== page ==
Execution date set…maybe: The Ohio Supreme Court has set July 22, 2026, as the execution date for Danny Lee Hill, a Trumbull County man convicted of murdering a 12-year-old boy in 1985. But as Pelzer reports, it’s unclear whether Hill will be put to death on that date – or at all – given Ohio’s ongoing troubles with finding lethal-injection drugs. Trumbull County prosecutors involved with Hill’s case called on the Supreme Court to launch an investigation into why executions haven’t been held in Ohio since 2018 and how they can resume.
Electoral count reform: The U.S. House of Representatives on Wednesday approved bipartisan legislation that aims to thwart future efforts to overturn presidential election results by rejecting frivolous challenges when Congress tallies electoral votes and establishing that its role in the process is purely ministerial, Sabrina Eaton writes. The legislation passed in a 229 to 203 vote, with support from all the legislative body’s Democrats and nine Republicans, including Rocky River’s Anthony Gonzalez. It faces an uncertain future in the U.S. Senate, where a different bipartisan proposal is under consideration.
Raring to go: The heads of the nation’s largest consumer banks will not get much sympathy from U.S. Sen. Sherrod Brown on Thursday when they appear before the Senate Banking, Housing and Urban Affairs Committee he chairs for his yearly oversight hearing. In a call with reporters before his hearing with the CEOs of Bank of America, Citi, JP Morgan Chase, PNC, Truist, U.S. Bancorp and Wells Fargo, the Ohio Democrat accused the banks of scamming consumers and overpaying their CEOs. He also released dossiers on their misdeeds. “We will continue to put pressure on them on a whole host of issues,” Brown pledged.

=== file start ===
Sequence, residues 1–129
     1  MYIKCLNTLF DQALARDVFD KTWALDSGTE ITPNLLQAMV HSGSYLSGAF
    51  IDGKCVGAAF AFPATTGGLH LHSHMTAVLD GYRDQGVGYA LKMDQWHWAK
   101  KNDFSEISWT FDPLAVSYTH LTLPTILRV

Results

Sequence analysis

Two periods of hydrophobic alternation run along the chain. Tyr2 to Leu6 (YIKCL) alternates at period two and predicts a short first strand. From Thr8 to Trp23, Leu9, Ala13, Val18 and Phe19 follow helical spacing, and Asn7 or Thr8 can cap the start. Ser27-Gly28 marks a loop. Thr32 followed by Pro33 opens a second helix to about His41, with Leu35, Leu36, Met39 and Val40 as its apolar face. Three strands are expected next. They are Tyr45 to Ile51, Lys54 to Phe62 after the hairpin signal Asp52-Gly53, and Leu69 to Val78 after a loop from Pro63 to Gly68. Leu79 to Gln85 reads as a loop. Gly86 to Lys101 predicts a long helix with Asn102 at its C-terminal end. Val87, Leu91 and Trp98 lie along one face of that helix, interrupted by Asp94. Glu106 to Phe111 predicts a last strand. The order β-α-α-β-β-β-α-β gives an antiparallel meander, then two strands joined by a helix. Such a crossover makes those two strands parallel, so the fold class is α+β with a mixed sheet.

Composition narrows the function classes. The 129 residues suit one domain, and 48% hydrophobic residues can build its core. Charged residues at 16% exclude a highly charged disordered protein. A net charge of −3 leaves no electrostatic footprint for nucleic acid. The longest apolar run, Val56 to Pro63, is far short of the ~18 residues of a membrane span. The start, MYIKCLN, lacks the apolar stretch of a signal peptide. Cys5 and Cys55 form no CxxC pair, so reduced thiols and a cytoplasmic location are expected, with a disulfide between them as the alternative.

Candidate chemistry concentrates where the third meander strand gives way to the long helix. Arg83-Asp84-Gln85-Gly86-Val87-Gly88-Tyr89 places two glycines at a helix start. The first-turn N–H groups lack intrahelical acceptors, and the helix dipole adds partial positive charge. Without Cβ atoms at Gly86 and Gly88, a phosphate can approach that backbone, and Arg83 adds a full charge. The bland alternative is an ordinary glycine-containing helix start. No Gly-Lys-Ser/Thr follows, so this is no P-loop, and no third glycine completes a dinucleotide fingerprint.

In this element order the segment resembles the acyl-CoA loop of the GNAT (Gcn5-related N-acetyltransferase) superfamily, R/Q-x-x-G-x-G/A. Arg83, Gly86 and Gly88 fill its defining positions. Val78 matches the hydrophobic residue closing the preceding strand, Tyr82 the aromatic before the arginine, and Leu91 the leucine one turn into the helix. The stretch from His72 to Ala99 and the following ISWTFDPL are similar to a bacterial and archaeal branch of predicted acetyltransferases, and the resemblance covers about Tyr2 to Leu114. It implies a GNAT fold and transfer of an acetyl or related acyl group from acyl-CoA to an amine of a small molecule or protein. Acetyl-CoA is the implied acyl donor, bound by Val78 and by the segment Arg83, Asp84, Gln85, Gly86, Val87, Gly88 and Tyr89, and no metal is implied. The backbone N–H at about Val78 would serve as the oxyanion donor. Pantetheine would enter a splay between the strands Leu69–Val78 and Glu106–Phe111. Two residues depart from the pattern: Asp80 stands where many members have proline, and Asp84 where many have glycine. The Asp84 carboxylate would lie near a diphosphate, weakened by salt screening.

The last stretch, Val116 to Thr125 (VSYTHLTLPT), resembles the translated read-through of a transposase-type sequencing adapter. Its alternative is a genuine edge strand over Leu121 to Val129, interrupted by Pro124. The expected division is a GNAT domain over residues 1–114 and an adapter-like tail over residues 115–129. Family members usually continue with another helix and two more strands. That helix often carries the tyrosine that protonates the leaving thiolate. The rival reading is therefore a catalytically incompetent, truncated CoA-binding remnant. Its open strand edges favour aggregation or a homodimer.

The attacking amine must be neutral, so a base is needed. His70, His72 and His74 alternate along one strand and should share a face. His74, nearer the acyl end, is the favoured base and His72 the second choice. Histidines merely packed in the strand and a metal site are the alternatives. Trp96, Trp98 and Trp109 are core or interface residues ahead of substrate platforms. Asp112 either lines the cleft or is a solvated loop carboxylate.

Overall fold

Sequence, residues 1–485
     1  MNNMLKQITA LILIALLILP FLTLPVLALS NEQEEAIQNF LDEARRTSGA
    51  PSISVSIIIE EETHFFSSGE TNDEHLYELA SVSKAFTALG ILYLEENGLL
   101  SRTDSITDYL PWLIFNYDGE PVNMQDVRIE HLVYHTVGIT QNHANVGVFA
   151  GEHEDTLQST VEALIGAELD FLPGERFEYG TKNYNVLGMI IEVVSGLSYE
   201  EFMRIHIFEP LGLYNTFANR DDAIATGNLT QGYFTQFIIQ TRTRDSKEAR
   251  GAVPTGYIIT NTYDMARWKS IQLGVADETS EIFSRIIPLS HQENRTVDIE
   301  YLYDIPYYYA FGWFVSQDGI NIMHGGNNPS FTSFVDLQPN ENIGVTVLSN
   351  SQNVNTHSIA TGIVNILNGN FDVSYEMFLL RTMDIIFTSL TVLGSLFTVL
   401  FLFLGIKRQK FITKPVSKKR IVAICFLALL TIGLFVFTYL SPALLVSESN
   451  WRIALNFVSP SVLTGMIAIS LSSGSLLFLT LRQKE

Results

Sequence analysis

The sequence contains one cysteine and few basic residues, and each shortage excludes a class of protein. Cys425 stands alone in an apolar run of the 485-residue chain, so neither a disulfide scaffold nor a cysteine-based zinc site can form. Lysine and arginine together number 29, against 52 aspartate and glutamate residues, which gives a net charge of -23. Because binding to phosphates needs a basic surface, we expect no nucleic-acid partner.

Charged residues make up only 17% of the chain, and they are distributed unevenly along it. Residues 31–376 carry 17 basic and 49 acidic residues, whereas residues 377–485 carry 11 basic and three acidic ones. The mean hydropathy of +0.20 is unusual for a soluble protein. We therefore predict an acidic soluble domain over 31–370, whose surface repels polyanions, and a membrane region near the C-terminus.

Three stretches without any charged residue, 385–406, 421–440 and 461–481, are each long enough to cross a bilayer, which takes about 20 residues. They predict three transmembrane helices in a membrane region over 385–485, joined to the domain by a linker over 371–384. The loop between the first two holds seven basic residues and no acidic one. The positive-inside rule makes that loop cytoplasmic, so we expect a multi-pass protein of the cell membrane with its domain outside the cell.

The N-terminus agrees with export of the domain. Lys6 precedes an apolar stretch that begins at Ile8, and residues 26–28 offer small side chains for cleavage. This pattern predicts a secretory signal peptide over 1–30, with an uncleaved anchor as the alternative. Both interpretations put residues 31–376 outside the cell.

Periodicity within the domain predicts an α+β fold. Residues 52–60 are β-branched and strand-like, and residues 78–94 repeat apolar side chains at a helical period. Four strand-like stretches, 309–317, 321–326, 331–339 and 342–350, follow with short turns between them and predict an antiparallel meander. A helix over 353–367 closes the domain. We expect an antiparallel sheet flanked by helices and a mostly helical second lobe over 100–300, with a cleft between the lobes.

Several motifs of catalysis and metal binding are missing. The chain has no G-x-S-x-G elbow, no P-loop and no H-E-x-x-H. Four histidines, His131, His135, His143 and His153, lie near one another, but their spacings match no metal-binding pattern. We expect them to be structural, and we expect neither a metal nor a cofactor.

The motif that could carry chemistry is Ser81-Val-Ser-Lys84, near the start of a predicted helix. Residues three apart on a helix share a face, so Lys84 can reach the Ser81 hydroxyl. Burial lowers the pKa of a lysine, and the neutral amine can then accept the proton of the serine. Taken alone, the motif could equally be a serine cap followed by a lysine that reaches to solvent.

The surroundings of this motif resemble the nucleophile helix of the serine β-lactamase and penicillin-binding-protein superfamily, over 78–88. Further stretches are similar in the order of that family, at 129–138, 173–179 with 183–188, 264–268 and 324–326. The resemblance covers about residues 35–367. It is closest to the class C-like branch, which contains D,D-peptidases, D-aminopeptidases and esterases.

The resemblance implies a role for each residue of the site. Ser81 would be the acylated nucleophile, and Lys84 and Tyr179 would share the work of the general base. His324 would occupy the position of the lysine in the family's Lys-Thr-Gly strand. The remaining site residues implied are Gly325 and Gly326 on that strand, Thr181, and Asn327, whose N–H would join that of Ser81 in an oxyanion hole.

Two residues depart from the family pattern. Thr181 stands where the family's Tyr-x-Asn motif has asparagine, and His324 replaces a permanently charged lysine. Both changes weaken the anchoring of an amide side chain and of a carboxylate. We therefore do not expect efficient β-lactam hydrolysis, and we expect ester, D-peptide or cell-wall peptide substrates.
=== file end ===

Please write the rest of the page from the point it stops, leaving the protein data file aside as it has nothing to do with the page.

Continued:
Swing district: CNN spoke to Toledo Democratic Rep. Marcy Kaptur and voters in Ohio’s newly reconfigured 9th Congressional District, where Kaptur faces a challenge from Port Clinton Republican J.R. Majewski, who refused to speak with the network. “As the longtime Ohio lawmaker enters the final weeks of the most competitive race she has had in a while, she honed her Rust Belt pitch for yet another term: ‘I come from the working-class people. I know what it takes. And there so few such voices. So, I stand on the shoulders of people who have sacrificed greatly.’”
False claims: Majewski has portrayed himself as an Air Force combat veteran who served in Afghanistan after the 9/11 terrorist attacks, but military records obtained by the Associated Press show he never deployed to Afghanistan and instead loaded planes at an air base in Qatar, a longtime U.S. ally that is a safe distance from the fighting. The news outlet also examined parts of his post-military career, which it described as “defined by exaggerations, conspiracy theories, talk of violent action against the U.S. government and occasional financial duress.” Majewski did not interview with AP, and the news cooperative said his campaign did not address questions about his claim of deploying to Afghanistan.